The “USDA Livestock and Poultry: World Markets and Trade” report indicates that there could be a higher demand for pork and poultry in 2020 due to the extensive outbreak of African Swine Fever (ASF).
The following is the USDA forecast for meat demand in Asia.
Due to the extensive outbreak of ASF, higher prices for pork have spurred lower consumption, and consumers looking for alternatives such as beef and poultry. Per capita consumption of the three meats is expected to decline by 12% in China alone. Other Asian countries have an expected demand decline of 1-3% due to higher prices and replacing high-priced pork.
Below is the USDA forecast for Consumption, Production and Total Imports of the three meats across the top producing Asian countries.
Global production is forecast down 10 percent in 2020 due to the impact of African Swine Fever (ASF) on swine herds in several major producing countries. Most of the reduction in global production is due to a 25-percent decline in China pork production. Production is also lower in the Philippines (-16 percent) and Vietnam (-6 percent). South Korea has reported 14 cases of ASF thus far, but outbreaks have been contained and no production impact is expected at present. In Europe, weak domestic demand, ongoing ASF in some Member States, and environmental regulations are limiting expansion, but production is forecast 1 percent higher on strengthening exports. Most major pork exporters will boost production in 2020 due to rising global import demand. Production is up robustly in the United States (4 percent) and Brazil (5 percent).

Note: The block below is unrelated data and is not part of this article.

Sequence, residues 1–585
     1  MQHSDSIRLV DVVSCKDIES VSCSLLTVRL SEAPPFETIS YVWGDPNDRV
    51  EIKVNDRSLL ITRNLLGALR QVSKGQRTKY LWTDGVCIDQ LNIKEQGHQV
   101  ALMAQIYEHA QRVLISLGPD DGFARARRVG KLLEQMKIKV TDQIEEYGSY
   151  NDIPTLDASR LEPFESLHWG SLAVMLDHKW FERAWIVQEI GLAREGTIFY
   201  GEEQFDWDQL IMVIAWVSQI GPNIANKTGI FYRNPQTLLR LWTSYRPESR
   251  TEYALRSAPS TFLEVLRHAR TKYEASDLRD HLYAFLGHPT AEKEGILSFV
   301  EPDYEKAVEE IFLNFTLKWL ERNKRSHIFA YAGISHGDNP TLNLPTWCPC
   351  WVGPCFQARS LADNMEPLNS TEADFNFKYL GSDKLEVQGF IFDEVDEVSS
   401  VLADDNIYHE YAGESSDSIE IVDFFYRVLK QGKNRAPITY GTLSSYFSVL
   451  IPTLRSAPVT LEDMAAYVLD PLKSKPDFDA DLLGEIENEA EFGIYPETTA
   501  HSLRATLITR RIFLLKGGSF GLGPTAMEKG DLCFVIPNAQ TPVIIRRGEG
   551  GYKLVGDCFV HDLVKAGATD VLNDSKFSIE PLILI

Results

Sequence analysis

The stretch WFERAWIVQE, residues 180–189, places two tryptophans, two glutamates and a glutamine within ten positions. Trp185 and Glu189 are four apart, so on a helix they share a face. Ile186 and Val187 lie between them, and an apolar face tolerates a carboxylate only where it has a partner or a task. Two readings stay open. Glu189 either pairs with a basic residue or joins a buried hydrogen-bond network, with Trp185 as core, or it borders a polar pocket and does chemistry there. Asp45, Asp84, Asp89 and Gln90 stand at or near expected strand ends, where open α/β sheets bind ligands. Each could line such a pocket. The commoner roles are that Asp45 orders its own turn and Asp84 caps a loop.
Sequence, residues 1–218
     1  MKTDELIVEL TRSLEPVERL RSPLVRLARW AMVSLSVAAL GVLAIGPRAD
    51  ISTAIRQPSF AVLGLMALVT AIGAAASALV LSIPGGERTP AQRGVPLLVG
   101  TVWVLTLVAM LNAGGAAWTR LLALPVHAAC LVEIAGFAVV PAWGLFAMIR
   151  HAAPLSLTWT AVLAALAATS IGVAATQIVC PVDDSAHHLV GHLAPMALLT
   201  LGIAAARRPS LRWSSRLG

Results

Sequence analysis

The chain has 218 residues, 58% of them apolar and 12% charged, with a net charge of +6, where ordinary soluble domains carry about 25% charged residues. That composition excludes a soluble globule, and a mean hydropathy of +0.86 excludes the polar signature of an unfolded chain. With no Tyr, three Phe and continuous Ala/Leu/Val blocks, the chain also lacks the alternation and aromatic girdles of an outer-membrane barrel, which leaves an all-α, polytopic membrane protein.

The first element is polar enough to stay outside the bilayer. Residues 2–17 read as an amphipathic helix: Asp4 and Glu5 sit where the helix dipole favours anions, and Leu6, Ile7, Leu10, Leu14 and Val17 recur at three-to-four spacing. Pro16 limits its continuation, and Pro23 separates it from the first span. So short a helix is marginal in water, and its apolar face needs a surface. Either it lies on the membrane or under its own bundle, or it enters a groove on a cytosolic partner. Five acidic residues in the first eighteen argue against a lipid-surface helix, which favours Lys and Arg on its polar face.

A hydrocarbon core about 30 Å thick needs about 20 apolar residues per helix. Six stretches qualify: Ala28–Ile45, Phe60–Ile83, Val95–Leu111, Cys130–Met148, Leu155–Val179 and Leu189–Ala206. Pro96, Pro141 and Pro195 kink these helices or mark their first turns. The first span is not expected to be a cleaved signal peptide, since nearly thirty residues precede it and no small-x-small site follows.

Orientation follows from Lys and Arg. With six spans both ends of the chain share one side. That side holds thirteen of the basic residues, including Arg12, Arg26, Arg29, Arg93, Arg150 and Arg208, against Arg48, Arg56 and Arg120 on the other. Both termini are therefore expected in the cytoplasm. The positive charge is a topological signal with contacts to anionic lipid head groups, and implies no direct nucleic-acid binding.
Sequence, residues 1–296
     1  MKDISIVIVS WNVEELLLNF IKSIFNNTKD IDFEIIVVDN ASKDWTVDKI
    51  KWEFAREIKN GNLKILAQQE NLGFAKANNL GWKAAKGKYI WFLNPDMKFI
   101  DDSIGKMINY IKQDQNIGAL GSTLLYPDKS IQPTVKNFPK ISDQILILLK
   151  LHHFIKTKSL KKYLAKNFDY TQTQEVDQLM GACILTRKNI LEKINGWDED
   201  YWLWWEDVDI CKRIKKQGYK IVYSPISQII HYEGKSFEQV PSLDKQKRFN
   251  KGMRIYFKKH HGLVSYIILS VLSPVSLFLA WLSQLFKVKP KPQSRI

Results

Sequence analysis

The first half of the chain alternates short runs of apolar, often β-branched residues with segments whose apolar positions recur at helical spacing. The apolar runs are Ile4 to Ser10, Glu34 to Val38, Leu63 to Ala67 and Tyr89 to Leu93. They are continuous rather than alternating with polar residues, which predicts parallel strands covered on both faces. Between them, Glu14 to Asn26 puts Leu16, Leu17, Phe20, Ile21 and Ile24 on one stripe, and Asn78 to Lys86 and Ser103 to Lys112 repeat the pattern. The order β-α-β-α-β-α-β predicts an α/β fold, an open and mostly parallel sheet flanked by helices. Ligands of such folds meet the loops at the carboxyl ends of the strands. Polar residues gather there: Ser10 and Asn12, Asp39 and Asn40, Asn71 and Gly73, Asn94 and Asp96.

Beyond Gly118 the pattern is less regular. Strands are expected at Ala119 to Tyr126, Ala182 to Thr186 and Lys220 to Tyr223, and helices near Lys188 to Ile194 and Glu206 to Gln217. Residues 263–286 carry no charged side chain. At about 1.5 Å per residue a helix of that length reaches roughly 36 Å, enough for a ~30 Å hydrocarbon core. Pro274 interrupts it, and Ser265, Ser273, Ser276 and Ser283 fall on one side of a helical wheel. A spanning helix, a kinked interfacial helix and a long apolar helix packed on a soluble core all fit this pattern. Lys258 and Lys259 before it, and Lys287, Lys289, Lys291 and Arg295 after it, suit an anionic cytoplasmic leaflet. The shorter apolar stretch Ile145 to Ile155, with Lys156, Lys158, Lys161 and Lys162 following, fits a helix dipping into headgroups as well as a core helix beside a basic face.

Global exports are forecast 10 percent higher to 10.4 million tons. China imports are forecast 35 percent higher and account for 35 percent of global pork imports. The Philippines imports are also forecast 32 percent higher due to disease impact on domestic supplies. Outside of ASF affected countries, demand is expected to be muted by higher global prices. Many price sensitive markets are expected to reduce imports of pork on strong competition from ASF affected buyers. EU exports are up 13 percent and Brazil up 20 percent mostly on growth in exports to Asia. In contrast, Canada’s exports are down slightly as restrictions from China limit opportunities for growth.